Biography of Solomon Northup

Solomon Northup is the author of Twelve Years a Slave (1853), his memoir of his being kidnapped as a free black man in the North and sold into slavery in the South.

Most of his early biography is told in the work, but the essential facts of his life are thus: Northup was born in 1808 in Essex County, New York. His father was a former slave and his mother was a mixed-race woman. Northup married Anne Hampton and had three children, and the family lived in upstate New York. It was in Saratoga Springs where Northup accepted employment playing the fiddle from two respectable-seeming men, only to find himself locked up in a Washington, DC slave pen and sent down to Louisiana.

The years of 1841-1853 are those of Northup’s captivity (and when he was called “Platt”). He had two significant masters: the first was the benevolent Mr. Ford, and the second was the pernicious and cruel Mr. Epps. Northup never gave up on trying to escape, but he did not succeed in getting a letter out until 1852 when he met a sympathetic Canadian carpenter working on Epps’s plantation. Henry B. Northup, a white relative of the family who had owned Solomon’s father, finally was able to come down to locate Northup. Upon returning home, Northup worked with editor David Wilson to publish his account.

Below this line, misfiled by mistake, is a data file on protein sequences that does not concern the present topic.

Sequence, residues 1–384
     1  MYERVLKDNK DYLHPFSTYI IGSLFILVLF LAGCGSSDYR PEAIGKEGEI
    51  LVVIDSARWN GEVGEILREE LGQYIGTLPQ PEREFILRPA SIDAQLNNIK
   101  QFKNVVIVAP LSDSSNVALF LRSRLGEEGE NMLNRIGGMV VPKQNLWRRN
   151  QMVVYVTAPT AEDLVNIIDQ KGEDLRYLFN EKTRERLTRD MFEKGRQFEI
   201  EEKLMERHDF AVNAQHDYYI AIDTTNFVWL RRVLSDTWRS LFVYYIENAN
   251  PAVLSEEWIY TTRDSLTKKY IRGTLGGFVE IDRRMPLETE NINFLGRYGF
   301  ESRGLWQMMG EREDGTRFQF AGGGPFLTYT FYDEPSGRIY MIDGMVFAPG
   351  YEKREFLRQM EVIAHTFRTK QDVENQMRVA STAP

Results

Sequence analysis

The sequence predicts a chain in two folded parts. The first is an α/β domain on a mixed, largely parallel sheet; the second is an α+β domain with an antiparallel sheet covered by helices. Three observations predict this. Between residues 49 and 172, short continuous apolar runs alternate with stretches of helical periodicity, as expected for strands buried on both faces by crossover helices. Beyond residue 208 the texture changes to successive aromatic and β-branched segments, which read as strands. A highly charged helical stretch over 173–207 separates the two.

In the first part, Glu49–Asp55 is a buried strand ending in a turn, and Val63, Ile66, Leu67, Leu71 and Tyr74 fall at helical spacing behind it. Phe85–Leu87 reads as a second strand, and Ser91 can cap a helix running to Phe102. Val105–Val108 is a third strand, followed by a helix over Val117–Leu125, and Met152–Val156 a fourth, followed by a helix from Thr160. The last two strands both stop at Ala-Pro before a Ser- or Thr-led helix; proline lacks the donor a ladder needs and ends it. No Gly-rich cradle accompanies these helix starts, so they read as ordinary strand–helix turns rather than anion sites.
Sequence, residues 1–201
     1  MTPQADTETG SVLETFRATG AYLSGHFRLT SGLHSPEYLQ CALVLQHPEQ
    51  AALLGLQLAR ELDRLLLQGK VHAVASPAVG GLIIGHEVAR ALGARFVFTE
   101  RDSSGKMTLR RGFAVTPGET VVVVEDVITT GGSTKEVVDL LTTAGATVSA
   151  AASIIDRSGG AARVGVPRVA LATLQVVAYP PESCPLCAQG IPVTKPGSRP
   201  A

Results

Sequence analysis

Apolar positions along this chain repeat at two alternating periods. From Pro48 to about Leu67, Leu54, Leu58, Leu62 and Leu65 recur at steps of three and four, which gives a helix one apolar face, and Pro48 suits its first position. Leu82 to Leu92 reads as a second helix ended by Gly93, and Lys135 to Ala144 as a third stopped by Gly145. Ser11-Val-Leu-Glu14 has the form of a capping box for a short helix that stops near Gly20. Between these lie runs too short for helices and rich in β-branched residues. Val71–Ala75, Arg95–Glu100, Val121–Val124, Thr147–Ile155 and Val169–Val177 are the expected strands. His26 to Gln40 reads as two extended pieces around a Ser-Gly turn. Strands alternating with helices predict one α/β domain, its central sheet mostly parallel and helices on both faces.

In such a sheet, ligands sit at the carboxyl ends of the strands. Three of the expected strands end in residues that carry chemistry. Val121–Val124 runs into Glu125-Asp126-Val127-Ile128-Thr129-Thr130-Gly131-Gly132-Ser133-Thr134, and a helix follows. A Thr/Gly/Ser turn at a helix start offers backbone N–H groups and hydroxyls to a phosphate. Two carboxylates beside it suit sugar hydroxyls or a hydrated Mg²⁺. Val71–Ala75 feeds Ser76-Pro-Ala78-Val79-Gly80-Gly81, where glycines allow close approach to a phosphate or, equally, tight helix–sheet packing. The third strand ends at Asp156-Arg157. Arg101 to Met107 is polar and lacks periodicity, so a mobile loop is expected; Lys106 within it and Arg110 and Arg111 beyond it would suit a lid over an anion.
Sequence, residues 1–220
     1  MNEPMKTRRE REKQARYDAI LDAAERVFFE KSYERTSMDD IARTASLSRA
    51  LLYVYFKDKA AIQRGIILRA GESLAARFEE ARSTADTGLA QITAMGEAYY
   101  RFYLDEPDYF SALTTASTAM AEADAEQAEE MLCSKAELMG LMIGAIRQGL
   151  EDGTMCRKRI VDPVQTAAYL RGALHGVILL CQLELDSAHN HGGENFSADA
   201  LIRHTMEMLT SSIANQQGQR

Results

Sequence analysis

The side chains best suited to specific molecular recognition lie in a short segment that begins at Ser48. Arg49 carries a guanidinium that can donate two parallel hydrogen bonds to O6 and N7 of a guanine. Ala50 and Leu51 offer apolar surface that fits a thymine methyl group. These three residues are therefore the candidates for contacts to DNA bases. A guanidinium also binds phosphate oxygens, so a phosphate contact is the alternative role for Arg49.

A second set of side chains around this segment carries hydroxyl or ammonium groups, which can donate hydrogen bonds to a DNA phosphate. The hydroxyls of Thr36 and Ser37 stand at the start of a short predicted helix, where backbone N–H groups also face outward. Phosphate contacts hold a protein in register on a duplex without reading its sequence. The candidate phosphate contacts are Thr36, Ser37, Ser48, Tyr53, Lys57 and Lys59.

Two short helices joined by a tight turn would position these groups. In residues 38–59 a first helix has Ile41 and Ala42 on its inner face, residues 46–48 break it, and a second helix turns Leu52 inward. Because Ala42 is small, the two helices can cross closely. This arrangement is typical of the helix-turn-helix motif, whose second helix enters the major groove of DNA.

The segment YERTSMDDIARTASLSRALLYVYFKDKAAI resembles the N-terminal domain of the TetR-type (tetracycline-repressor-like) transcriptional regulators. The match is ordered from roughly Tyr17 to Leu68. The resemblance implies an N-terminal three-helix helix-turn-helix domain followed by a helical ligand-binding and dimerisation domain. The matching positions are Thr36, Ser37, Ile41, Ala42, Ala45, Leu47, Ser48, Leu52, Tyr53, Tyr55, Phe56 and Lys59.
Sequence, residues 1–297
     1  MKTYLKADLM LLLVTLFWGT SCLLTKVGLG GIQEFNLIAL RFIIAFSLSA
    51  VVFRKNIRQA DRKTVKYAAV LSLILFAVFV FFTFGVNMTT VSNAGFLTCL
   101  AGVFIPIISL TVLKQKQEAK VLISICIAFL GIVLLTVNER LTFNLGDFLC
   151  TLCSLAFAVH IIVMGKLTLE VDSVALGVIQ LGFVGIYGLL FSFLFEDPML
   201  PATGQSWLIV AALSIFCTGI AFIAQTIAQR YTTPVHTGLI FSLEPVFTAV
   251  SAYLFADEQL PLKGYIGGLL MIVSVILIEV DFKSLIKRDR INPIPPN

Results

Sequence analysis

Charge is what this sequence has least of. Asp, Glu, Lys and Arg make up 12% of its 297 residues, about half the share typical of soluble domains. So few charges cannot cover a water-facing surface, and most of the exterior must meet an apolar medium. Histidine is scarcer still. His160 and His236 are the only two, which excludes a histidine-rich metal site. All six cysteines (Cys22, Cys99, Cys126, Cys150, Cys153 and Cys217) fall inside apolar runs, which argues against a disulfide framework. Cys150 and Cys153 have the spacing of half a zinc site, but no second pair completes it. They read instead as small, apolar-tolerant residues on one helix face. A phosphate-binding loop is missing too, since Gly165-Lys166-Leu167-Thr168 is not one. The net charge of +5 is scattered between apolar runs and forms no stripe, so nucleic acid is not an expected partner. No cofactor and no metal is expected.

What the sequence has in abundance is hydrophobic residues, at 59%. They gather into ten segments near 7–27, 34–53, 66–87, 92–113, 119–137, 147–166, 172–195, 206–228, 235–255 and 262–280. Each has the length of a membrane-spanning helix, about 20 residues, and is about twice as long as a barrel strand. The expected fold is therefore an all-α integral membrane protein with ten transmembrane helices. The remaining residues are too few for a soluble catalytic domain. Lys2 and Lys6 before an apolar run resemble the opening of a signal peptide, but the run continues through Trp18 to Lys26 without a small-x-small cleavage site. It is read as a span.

There are few details of Northup’s later life. Rumors abound, suggesting that he was kidnapped again or murdered. However, one historian located Northup in Vermont in the 1860s. He probably lectured throughout this time, but he may have worn out his welcome; it is surmised he also may have gone West.

It is believed that he died in 1863.

Study Guides on Works by Solomon Northup